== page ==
Google Apps supports our customers’ compliance with the Health Insurance Portability and Accountability Act of 1996 (HIPAA). Customers who are subject to HIPAA and wish to use Google Apps with Protected Health Information (PHI) must sign a Business Associate Agreement (BAA) with Google. Administrators for Google Apps for Business, Education and Government domains can request a BAA before using Google services with PHI. Google offers a BAA covering Gmail, Google Calendar, Google Drive, Google Apps Vault and Google Sites services.
U.S. Family Educational Right Privacy obligations, FERPA
More than 40 million students rely on Google Apps for Education. Google Apps for Education complies with FERPA (Family Educational Rights and Privacy Act) and our commitment to do so is included in our agreements.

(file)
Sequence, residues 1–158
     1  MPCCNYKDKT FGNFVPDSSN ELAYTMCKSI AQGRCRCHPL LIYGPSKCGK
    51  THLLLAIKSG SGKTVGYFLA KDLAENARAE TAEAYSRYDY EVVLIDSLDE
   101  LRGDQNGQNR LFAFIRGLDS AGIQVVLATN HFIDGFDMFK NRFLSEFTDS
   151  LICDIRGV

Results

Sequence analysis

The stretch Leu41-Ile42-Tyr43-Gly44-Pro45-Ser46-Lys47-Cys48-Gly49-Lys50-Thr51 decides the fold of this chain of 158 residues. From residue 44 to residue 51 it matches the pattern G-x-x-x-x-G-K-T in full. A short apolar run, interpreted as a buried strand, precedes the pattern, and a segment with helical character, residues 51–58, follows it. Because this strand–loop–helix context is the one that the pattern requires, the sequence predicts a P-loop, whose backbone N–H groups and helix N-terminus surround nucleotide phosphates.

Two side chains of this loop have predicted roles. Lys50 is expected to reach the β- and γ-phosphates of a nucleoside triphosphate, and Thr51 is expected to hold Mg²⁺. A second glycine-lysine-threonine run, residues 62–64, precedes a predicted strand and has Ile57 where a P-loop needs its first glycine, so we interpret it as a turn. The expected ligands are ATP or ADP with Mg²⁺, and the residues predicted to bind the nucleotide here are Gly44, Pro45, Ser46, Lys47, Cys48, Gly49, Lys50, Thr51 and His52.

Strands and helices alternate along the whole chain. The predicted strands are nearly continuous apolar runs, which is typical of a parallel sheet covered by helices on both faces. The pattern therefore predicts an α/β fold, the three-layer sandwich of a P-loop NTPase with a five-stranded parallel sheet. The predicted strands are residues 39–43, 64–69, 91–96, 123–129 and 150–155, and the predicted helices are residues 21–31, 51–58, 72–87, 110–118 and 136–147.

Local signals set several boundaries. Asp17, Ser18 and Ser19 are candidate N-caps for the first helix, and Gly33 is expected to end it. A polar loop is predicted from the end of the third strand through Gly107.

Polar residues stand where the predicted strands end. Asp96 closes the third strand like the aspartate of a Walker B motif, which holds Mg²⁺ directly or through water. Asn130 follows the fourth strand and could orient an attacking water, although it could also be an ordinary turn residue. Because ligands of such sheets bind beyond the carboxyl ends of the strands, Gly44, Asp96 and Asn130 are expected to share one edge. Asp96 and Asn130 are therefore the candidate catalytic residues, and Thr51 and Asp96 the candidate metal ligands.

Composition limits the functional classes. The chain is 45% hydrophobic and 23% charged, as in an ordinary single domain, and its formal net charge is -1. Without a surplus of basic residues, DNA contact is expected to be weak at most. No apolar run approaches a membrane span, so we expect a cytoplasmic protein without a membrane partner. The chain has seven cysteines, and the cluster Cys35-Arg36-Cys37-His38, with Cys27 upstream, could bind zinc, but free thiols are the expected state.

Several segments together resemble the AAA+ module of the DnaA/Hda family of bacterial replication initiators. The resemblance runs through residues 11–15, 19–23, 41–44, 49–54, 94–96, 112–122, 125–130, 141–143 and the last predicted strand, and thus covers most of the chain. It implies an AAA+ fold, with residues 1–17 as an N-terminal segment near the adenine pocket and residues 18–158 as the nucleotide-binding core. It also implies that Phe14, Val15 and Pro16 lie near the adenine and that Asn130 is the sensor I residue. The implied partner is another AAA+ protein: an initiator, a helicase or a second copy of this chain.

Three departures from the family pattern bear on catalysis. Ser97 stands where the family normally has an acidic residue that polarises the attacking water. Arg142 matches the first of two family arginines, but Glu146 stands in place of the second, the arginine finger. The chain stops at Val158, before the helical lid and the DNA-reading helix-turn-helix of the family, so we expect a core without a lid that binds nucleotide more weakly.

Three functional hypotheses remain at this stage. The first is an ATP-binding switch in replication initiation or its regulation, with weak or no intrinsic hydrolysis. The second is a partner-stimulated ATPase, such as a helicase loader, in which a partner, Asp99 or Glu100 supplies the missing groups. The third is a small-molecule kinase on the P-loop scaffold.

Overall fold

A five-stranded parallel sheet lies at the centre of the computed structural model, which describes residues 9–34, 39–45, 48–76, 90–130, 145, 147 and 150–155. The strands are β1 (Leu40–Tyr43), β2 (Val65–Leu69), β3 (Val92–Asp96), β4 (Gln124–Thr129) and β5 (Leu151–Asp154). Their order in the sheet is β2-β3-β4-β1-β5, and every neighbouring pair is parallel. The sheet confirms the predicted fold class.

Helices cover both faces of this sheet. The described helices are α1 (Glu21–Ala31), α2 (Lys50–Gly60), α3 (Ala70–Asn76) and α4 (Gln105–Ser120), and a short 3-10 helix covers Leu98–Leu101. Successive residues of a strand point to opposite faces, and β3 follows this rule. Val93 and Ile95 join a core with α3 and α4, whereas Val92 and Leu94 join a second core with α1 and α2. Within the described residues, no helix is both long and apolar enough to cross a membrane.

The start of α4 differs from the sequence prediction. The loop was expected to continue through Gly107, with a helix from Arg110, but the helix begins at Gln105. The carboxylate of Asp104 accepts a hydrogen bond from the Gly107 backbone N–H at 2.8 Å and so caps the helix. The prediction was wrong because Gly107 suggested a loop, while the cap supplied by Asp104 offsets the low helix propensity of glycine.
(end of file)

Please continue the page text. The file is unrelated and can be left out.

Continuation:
Children’s Online Privacy Protection Act of 1998, COPPA
Protecting children online is important to us. We contractually require Google Apps for Education schools to obtain parental consent that COPPA calls for to use our services, and our services can be used in compliance with COPPA.
U.S. Information Security Management Act, FISMA
The Federal Information Security Management Act of 2002, or “FISMA”, is a United States federal law pertaining to the information security of federal agencies’ information systems. Google Apps has received an authority to operate at the FISMA-Moderate level—the standard level for Federal email systems—from the U.S. federal government. Google Apps has been adopted by hundreds of U.S. Federal, State and local government agencies, including the U.S. General Services Administration.